The first part of my review of the O2 Cocoon was mainly about the hardware: the look and feel of the thing you hold. This time, I'm going to look more at the phone's music features.
When it comes down to it, the Cocoon is really just a normal mobile phone. It's not a smartphone, but it will do the normal things a modern phone does. It's got Java, calculator, calendar, notepad, voice recorder, and so on. It's got a browser, which seems to be fairly functional. It's got a camera... two, in fact, as is common with 3G phones.
This is nothing new, though. We've had music-oriented mobile phones for years now, and none of them have really worked too well. As far as I'm concerned, I always end up thinking, "Hmmm... nice try, but I think I'll stick with my iPod."
Considering my personality type, I was fairly late to the game when it came to iPods. I've been a Mac user since 1999, and I've had a reasonably large MP3 collection since 1997. Even so, I didn't own an iPod until 2004, partly because I was working either at home, or living very close to work. With the lack of a long commuter journey, I never really needed anything to keep me entertained.
Nowadays, I swear by my iPod, and sometimes at my iPod. I'm onto my seventh now, thanks to AppleCare warranty and my negative aura towards hardware, plus the proximity of Apple Store Regent Street and a fully-functioning credit card.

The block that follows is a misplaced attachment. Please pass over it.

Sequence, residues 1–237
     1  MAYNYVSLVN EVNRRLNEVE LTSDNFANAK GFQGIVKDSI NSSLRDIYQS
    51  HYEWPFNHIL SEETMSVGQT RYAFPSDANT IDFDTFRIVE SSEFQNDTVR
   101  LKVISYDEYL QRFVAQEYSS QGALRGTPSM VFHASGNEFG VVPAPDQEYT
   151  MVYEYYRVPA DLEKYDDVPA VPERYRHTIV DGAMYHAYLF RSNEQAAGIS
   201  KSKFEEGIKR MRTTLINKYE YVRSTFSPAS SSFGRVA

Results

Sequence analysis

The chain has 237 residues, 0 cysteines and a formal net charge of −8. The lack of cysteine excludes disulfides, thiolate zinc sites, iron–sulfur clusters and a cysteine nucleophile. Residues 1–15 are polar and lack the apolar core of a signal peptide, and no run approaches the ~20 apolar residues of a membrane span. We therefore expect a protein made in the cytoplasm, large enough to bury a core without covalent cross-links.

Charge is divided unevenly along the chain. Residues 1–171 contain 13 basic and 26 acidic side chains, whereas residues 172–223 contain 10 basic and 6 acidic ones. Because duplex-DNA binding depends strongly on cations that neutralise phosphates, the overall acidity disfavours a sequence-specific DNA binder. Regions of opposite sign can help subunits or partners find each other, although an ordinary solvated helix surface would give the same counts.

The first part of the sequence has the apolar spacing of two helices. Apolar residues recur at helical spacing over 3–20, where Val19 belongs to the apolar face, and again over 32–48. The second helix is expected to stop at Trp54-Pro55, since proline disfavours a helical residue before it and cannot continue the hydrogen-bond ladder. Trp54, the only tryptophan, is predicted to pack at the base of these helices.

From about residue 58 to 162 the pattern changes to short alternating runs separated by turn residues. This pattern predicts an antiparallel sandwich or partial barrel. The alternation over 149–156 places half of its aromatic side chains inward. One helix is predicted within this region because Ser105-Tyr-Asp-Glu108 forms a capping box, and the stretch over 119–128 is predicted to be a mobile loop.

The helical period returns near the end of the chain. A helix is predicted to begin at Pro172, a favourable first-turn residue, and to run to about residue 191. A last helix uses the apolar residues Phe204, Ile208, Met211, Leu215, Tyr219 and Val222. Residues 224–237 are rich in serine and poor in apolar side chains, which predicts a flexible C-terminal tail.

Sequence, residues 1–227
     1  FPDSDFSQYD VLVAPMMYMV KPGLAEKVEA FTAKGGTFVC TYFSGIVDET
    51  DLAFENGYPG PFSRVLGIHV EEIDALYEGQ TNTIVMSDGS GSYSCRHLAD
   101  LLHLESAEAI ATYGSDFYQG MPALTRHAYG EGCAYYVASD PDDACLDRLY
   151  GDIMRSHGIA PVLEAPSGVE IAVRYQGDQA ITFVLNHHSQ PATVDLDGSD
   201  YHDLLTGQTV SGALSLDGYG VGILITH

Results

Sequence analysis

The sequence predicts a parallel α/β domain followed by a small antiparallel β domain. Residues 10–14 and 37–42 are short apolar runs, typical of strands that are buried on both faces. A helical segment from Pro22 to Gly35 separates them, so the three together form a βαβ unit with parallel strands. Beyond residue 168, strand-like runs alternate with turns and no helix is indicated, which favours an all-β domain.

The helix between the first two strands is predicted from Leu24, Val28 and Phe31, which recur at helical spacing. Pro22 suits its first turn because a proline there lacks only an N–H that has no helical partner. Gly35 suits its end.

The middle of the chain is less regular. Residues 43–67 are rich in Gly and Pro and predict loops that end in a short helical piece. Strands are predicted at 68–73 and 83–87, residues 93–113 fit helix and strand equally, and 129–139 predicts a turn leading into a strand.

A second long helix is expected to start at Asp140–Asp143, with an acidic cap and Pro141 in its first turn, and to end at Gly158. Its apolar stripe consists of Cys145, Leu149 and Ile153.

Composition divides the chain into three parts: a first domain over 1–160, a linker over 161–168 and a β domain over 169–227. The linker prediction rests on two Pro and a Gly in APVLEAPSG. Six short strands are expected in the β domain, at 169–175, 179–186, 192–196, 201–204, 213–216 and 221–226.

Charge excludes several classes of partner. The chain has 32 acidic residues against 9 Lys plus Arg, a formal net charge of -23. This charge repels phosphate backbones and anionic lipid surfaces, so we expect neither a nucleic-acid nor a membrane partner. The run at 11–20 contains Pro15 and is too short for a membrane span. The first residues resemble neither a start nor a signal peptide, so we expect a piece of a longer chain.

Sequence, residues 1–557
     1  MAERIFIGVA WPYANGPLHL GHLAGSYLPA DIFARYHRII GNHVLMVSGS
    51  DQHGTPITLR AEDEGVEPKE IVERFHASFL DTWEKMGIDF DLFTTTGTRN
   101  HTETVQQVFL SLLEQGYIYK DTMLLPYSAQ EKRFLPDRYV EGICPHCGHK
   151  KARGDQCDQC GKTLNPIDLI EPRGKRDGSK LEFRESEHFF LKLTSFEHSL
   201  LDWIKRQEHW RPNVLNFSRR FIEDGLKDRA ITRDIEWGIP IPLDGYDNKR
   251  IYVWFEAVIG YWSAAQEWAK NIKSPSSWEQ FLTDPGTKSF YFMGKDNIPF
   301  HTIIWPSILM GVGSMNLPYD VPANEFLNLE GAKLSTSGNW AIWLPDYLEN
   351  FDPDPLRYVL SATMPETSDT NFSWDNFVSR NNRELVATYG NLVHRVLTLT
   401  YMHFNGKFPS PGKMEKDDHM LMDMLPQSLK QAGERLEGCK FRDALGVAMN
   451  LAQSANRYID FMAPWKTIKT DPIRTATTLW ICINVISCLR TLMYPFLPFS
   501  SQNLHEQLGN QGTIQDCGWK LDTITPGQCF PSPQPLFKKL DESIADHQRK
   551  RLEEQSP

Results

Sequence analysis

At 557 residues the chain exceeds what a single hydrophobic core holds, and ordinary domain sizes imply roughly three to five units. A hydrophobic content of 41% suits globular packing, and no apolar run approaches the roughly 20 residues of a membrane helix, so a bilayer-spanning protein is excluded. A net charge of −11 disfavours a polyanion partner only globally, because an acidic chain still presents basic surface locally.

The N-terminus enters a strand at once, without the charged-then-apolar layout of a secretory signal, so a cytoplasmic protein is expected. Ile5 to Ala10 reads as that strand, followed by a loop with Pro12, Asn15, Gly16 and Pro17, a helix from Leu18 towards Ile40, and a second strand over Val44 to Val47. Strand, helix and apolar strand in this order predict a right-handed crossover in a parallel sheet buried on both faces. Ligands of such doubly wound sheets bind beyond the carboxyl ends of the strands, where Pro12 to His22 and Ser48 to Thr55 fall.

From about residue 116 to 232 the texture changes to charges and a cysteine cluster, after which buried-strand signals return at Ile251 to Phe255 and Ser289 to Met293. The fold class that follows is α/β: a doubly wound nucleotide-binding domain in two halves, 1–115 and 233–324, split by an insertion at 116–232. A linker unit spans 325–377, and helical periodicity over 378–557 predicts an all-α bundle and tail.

I'm also now consigned to a lifetime of going to the gym regularly so my bad back doesn't seize up. I'm one of those people who would never exercise voluntarily, so I have to have something to listen to to keep me from getting bored. I went through a stage of listening to music at the gym, and then stand-up comedy... I have pretty much everything Audible.com has when it comes to Robin Williams, for example. Then the Ricky Gervais podcasts. Now it's "Real Time with Bill Maher", and the weekly SModcast from Kevin Smith and Scott Mosier.
So, the real test of the Cocoon was to see if it could manage to replace my iPod at the gym.